Monday, April 17, 2017

Walls of Water: 7th day of Passover ‎‎2017‎

In every generation, we must each see ‎ourselves as if we left Egypt, as if we ‎crossed the Reed Sea. ‎Therefore, we stand ‎when reading the Song of the Sea from a ‎Torah scroll. ‎

What did an ordinary Israelite feel when ‎crossing the sea on dry land, when walking ‎through the ‎dark towards freedom?‎‏ ‏We cannot know for sure but these verses supply a ‎hint:‎‏ ‏‎
The Eternal drove ‎back the sea with a ‎strong east wind all that night, and ‎turned the sea into dry ground. The ‎waters ‎were split, and the Israelites went ‎into the sea on dry ground”‎‏ ‏‎(Exodus 14:21-22).‎
A wind from God sweeps over the ‎water, divides waters, and gathers ‎them so dry land can appear.‎‏ ‏Does that sound familiar? We have ‎returned to Genesis. The ten plagues ‎undid creation in Egypt. ‎Splitting the sea was ‎a moment of re-creation.‎‏ ‏

Exposing dry land was an essential ‎component of creation just as it was essential for the Israelites’ ‎walk to ‎freedom. Despite this, I want to ‎focus on the waters that “formed a wall for ‎them on their ‎right and on their left” (Exodus 14:22). 

Walls of water. ‎
Photo Illustration/Paula C. Rondeau/The Real Truth
In Egypt and the ancient Near ‎East, masses of water symbolized primordial forces ‎of chaos, ‎sometimes ‎concretized as Leviathan or the mother of the gods ‎Tiamat, whose name is apparently ‎related to the ‎Hebrew word “tahom,” ‎the deep in Genesis 1.‎‏ ‏The Bible generally suppresses this ‎mythology but its ‎memory and a few references ‎survived, including Psalm 74, ‎which tells a different story of creation, ‎in which God decimates primordial water forces:‎
O God, my king from of old…‎‏ ‏‎it was You who drove back the sea ‎with Your might, who ‎smashed the heads ‎of the monsters in the waters;‎‏ ‏‎it was You who crushed the heads ‎of ‎Leviathan, who left him as food for the ‎denizens of the desert;‎‏ ‏‎it was You who released ‎springs and ‎torrents, who made mighty rivers run ‎dry (Ps. 74: 12-15).‎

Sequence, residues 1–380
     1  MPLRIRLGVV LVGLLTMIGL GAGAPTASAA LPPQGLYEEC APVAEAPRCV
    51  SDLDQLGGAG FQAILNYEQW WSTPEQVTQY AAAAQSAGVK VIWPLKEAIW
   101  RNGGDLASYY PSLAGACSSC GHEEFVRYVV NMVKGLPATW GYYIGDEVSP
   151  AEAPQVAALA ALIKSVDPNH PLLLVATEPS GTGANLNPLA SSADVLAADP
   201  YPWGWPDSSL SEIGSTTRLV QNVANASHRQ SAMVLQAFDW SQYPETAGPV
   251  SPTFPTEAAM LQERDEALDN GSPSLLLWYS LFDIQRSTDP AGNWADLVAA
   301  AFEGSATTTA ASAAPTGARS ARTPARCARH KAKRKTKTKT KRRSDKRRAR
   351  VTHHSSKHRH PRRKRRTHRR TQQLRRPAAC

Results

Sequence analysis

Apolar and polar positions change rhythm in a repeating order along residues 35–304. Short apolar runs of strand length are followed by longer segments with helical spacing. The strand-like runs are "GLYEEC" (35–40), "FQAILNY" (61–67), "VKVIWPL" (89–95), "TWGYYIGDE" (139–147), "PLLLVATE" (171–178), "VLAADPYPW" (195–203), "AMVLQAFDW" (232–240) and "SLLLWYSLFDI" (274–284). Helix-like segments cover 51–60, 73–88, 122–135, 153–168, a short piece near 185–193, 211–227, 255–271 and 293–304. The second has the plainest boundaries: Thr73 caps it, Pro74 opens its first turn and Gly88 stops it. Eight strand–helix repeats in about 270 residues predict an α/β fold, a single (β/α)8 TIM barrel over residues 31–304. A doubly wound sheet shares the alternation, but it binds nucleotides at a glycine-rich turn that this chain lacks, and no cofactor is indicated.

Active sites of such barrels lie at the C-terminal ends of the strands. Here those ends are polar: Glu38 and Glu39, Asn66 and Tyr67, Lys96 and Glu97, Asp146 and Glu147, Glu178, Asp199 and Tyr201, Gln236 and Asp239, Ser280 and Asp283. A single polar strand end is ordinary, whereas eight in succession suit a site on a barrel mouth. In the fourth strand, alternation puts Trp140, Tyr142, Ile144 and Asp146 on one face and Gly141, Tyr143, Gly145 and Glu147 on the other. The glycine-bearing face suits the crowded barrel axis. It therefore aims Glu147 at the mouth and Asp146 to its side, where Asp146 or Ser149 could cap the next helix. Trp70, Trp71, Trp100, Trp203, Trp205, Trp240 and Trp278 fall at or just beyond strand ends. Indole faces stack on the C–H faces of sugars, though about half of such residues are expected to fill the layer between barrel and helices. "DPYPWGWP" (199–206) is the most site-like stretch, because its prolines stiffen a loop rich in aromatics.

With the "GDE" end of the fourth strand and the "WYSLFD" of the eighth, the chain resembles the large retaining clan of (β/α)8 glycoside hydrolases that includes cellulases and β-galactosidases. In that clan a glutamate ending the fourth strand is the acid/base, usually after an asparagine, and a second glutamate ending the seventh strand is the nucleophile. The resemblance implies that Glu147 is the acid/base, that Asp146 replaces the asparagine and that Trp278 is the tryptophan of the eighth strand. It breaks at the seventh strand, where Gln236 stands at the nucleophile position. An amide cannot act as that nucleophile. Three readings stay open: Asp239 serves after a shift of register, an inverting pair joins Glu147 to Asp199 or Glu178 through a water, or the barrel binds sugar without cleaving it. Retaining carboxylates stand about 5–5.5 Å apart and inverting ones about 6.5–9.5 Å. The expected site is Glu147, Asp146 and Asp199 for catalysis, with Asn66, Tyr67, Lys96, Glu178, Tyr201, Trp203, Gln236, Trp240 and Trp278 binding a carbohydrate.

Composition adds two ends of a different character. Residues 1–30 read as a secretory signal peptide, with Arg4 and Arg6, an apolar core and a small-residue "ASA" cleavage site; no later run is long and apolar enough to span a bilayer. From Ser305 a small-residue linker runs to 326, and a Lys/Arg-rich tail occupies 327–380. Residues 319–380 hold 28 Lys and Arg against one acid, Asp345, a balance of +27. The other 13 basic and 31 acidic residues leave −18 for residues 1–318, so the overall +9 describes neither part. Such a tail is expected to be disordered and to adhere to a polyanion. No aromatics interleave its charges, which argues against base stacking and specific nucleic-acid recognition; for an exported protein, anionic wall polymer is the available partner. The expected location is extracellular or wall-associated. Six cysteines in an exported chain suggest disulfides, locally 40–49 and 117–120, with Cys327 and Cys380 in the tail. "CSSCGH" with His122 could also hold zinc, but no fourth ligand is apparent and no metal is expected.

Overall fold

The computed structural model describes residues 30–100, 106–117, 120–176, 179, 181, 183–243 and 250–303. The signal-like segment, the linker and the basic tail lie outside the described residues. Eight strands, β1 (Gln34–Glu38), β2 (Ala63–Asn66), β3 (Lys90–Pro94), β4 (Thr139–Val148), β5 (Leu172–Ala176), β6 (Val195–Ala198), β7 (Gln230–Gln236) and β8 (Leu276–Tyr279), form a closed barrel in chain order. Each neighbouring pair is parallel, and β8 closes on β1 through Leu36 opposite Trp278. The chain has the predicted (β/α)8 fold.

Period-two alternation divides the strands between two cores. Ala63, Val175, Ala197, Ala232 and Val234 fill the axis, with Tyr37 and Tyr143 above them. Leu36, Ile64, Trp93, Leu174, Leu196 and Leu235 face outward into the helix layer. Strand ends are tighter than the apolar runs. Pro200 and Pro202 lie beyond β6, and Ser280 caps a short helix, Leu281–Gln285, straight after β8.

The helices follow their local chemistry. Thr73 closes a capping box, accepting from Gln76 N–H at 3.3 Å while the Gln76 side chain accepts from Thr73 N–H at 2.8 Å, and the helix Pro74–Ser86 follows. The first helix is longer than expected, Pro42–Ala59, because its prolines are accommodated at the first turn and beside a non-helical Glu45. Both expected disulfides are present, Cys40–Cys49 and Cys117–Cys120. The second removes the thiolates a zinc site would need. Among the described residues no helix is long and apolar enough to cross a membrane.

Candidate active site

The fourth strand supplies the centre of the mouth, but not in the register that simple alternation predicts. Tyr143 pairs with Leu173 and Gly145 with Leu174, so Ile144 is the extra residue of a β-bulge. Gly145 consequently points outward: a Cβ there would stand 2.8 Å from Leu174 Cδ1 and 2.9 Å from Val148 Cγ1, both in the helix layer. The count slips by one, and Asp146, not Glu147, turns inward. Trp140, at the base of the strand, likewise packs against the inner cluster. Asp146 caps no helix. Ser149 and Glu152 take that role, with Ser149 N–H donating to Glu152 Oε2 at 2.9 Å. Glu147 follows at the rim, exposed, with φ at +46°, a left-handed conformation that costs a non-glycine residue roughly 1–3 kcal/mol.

Facing the desert, with Pharaoh and his ‎army pursuing them, the Israelites ‎marched through the ‎darkness between ‎walls of primordial chaos.‎‏ 
What did they feel? Fear and terror.‎ 
Despite it all, the ‎freed slaves put one ‎foot in front of the other, and walked ‎together until they reached the other ‎side.‎

In the collective memory of the Jewish ‎people, splitting the Reed Sea is a root ‎experience, a ‎commanding event from the past that is ‎accessible in the present, as defined by ‎the Jewish-German-‎Canadian ‎philosopher Emil Fackenheim.
In ‎God’s Presence in History, Fackenheim ‎presents ‎splitting the Reed Sea as the prime ‎example of a root experience in Judaism. ‎He focuses on the ‎vision of the ‎maidservants who saw even what the ‎prophet Ezekiel would not see (as per Mekhilta Shirata 3).‎ ‏ 


The central stream in Judaism, that ‎which formalized our liturgy, preserves ‎the memory of the ‎splitting of the Reed Sea ‎and makes it present as the ultimate ‎realization of God’s saving power.‎‏ 

Without denying their claims, I want to ‎add another layer.‎‏ 

Before the Exodus from Egypt ‎was ‎complete; before “The Lord is my ‎strength and might” and “This is my God ‎who I shall ‎glorify,” the Israelites were surrounded by the Egyptian ‎army and threatening walls ‎of water. ‎Before jubilation, ordinary ‎people slogged through the mud in the dark, ‎supporting each other. ‎These are elements in the story of redemption no ‎less than the Song.‎

When disorder exceeds order, the ‎swamp is threatening and fog hides the ‎light,‎ we can return to our ‎root story, and recall that the ‎Exodus from Egypt happened at night, in ‎the mud. When God is ‎hidden, we ‎can support each other and together ‎forge a way forward. Perhaps we will be ‎able to ‎feel the presence of God for a ‎moment or see the light of life breaking ‎through, just a bit.‎

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